One of the more intriguing quirks of the young 2010 season has been Jose Lopez. A full time second baseman for the prior four seasons, Lopez earned a reputation as a visually unappealing glove man who made frequent lapses on routine plays and exhibited little horizontal range. A variety of numerical systems tempered that judgment, painting Lopez as a roughly average fielder at second.
Given his set of skills though, he was never a perfect fit at second base. He moved best forward and back, not side to side and owning a strong arm there was always a sense that he profiled more as a third baseman. Lopez never got that opportunity however as Adrian Beltre, one of the best fielders in recent memory, reigned over third base.
Once Beltre departed to the land of free agency, it seemed that Lopez was too entrenched at second base to change positions. That notion was only further reinforced when the Mariners signed Chone Figgins this past winter. Figgins is a versatile player but he had settled into a majority role at third base and performed quite well there. It was surprising to many then when tidbits began to leak that the Mariners were considering moving Lopez to third and Figgins to second. It was more surprising still when it actually happened this spring.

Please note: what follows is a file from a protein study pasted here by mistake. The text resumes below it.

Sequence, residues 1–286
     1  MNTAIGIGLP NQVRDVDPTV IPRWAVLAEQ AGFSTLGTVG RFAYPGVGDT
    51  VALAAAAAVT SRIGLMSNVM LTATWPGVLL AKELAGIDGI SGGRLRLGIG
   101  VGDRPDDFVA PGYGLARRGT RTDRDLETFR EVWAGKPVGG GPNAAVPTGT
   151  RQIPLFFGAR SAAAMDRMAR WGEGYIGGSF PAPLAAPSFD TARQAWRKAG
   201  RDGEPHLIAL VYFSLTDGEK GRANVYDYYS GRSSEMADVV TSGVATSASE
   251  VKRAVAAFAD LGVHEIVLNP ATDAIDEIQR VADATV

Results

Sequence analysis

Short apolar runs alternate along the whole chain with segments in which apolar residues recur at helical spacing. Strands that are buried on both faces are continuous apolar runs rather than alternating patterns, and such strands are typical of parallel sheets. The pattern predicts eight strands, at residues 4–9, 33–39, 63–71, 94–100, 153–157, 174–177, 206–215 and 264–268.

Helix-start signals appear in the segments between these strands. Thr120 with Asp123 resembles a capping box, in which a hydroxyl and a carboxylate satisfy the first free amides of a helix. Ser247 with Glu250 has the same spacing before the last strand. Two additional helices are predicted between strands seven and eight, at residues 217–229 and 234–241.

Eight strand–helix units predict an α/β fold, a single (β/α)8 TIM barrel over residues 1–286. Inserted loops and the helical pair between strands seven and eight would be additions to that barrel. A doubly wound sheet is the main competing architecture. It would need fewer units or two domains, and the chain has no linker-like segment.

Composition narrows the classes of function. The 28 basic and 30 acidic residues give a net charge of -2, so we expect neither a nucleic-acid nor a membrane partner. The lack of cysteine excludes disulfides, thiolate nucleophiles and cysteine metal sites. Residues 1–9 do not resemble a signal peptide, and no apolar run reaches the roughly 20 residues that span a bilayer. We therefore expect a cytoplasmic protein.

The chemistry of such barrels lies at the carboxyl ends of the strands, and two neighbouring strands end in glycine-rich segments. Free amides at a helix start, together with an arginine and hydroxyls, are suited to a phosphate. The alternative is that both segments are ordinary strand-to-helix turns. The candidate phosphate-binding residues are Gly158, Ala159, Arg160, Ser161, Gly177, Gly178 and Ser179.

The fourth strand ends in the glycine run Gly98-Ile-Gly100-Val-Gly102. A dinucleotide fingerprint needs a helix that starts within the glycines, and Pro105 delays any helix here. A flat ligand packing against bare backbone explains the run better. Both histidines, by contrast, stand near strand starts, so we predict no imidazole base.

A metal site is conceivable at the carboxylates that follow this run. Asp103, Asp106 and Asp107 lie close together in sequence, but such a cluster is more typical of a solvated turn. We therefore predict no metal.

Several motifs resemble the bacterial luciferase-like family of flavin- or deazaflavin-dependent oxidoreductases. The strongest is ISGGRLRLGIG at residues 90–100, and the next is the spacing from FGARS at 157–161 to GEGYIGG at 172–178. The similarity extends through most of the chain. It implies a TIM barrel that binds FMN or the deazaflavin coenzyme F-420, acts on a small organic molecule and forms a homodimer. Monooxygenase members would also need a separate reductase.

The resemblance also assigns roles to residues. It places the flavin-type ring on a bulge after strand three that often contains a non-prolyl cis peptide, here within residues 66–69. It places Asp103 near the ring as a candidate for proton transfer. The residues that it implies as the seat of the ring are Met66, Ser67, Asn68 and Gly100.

However, those surprises have nothing on the surprise over the actual results. Jose Lopez has looked fantastic and the numbers agree. Coming off five years of Adrian Beltre, Mariner fans steeled themselves all winter awaiting the inevitable downgrade in defensive performance. Instead, Jose Lopez has undergone a renaissance at the position. His UZR numbers are off the charts, well ahead of any other player in baseball and DRS also has Jose Lopez leading the league.
It’s not all cheery news however. While Lopez may pace the entire league in defensive rankings at the moment, he also trails the entire league in hitting value. Seriously. According to wRAA, Jose Lopez has been the least valuable hitter in baseball. We have all heard the term ‘all glove, no bat’ before, but this is insane.
Matthew Carruth is a software engineer who has been fascinated with baseball statistics since age five. When not dissecting baseball, he is watching hockey or playing soccer.